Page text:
Obstructive sleep apnea linked to maternal deaths

May 15, 2014

A study of a nationally representative sample of hospitalized women who were pregnant or gave birth shows a link between obstructive sleep apnea and maternal death. The findings, published in SLEEP, point to a need for targeted interventions to improve pregnancy outcomes in women with apnea.

 

A study of a nationally representative sample of hospitalized women who were pregnant or gave birth shows a link between obstructive sleep apnea and maternal death. The findings, published in SLEEP, point to a need for targeted interventions to improve pregnancy outcomes in women with apnea.

More than 55 million pregnancy-related inpatient hospital discharges spanning 1998 to 2009 were represented in the study. The retrospective, cross-sectional analysis looked at information in the Nationwide Inpatient Sample database on hospital stays for women who were pregnant or gave birth. Investigators determined length of hospital stay and in-hospital morality and used ICD-9-CM codes to identify obstructive sleep apnea and other outcome measures.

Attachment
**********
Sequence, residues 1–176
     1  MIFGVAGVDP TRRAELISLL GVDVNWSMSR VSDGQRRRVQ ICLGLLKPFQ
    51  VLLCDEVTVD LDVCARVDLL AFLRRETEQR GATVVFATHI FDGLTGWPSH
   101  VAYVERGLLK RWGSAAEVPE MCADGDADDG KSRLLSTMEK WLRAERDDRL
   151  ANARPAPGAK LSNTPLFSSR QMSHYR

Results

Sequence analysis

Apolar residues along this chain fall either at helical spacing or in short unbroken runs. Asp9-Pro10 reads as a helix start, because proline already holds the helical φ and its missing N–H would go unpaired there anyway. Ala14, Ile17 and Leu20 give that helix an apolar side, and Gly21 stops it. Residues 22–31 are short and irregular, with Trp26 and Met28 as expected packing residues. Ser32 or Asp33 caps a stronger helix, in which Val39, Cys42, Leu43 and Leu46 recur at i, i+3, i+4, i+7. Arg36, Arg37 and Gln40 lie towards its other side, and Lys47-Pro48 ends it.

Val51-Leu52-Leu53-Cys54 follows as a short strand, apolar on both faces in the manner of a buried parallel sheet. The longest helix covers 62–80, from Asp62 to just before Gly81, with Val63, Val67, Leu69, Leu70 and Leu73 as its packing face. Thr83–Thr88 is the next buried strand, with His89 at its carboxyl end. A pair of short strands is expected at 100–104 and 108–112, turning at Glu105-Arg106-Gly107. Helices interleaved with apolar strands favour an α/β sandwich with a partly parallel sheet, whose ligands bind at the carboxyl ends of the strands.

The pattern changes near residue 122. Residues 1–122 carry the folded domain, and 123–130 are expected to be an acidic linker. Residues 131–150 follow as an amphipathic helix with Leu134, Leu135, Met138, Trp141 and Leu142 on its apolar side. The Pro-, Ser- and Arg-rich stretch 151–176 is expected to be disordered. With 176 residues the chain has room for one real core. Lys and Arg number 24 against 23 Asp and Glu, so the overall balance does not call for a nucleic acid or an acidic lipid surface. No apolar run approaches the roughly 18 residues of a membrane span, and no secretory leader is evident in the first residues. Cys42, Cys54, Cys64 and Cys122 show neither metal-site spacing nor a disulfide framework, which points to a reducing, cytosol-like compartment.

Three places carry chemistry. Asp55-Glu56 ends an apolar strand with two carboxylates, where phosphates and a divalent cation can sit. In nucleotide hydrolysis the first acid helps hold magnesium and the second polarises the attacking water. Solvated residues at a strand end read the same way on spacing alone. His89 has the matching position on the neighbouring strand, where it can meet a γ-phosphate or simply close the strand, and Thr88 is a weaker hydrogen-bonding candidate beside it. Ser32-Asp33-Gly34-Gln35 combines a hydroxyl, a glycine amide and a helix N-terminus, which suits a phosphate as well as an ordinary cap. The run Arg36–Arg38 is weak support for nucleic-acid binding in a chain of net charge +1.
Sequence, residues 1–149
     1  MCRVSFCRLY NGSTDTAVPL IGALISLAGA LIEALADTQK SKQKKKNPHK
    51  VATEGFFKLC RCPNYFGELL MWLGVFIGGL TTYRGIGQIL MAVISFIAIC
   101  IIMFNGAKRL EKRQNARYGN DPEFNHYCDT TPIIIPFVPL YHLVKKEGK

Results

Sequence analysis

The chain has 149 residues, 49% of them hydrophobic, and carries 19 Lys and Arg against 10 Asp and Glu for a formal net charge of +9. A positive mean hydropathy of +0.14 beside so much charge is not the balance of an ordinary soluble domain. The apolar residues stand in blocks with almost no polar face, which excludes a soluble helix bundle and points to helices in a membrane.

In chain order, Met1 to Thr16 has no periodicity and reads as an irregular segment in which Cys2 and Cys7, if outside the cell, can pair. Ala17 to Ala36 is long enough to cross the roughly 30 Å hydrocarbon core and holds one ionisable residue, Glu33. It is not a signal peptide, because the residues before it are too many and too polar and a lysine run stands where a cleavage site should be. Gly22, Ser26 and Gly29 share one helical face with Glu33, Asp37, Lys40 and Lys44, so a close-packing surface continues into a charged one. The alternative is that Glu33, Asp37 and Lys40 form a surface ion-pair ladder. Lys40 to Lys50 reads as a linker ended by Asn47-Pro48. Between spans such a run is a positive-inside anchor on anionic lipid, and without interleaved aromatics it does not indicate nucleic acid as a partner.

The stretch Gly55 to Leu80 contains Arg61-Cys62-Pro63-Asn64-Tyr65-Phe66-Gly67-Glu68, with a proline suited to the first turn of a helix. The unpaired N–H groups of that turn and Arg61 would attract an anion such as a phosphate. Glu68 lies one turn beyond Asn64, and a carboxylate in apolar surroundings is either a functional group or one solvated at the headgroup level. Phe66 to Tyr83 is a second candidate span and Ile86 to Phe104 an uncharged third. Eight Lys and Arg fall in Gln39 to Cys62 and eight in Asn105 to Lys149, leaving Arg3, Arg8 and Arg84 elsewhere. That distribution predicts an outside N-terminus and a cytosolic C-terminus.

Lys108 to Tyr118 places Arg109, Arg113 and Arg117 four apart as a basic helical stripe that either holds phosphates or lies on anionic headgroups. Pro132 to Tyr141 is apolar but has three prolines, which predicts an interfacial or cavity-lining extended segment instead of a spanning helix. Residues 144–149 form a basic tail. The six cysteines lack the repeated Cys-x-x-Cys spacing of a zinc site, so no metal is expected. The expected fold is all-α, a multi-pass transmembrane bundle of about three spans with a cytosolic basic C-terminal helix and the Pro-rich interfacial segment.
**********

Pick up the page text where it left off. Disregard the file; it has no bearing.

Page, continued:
Multivariable logistic regression modeling was used to calculate adjusted odds ratios (OR) and 95% confidence intervals (CI) for the associations between obstructive sleep apnea and outcome. The overall rate of obstructive sleep apnea was 3.0 per 10,000 but rose from 0.7 in 1998 to 7.3 in 2009, with an average annual increase of 24%.

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After controlling for obesity and other potential confounders, the researchers found that obstructive sleep apnea was associated with increased odds of pregnancy-related morbidities including preeclampsia (OR, 2.5; 95% CI, 2.2-2.9), eclampsia (OR, 5.4; CI, 3.3-8.9), cardiomyopathy (OR, 9.0; 95% CI, 7.5-10.9) and pulmonary embolism (OR, 4.5; 95% CI, 2.3-8.9). Risk of in-hospital mortality was more than five times higher in women with obstructive sleep apnea (95% CI, 2.4-11.5). Obesity exacerbated the adverse effects of obstructive sleep apnea on some outcomes.


 

 

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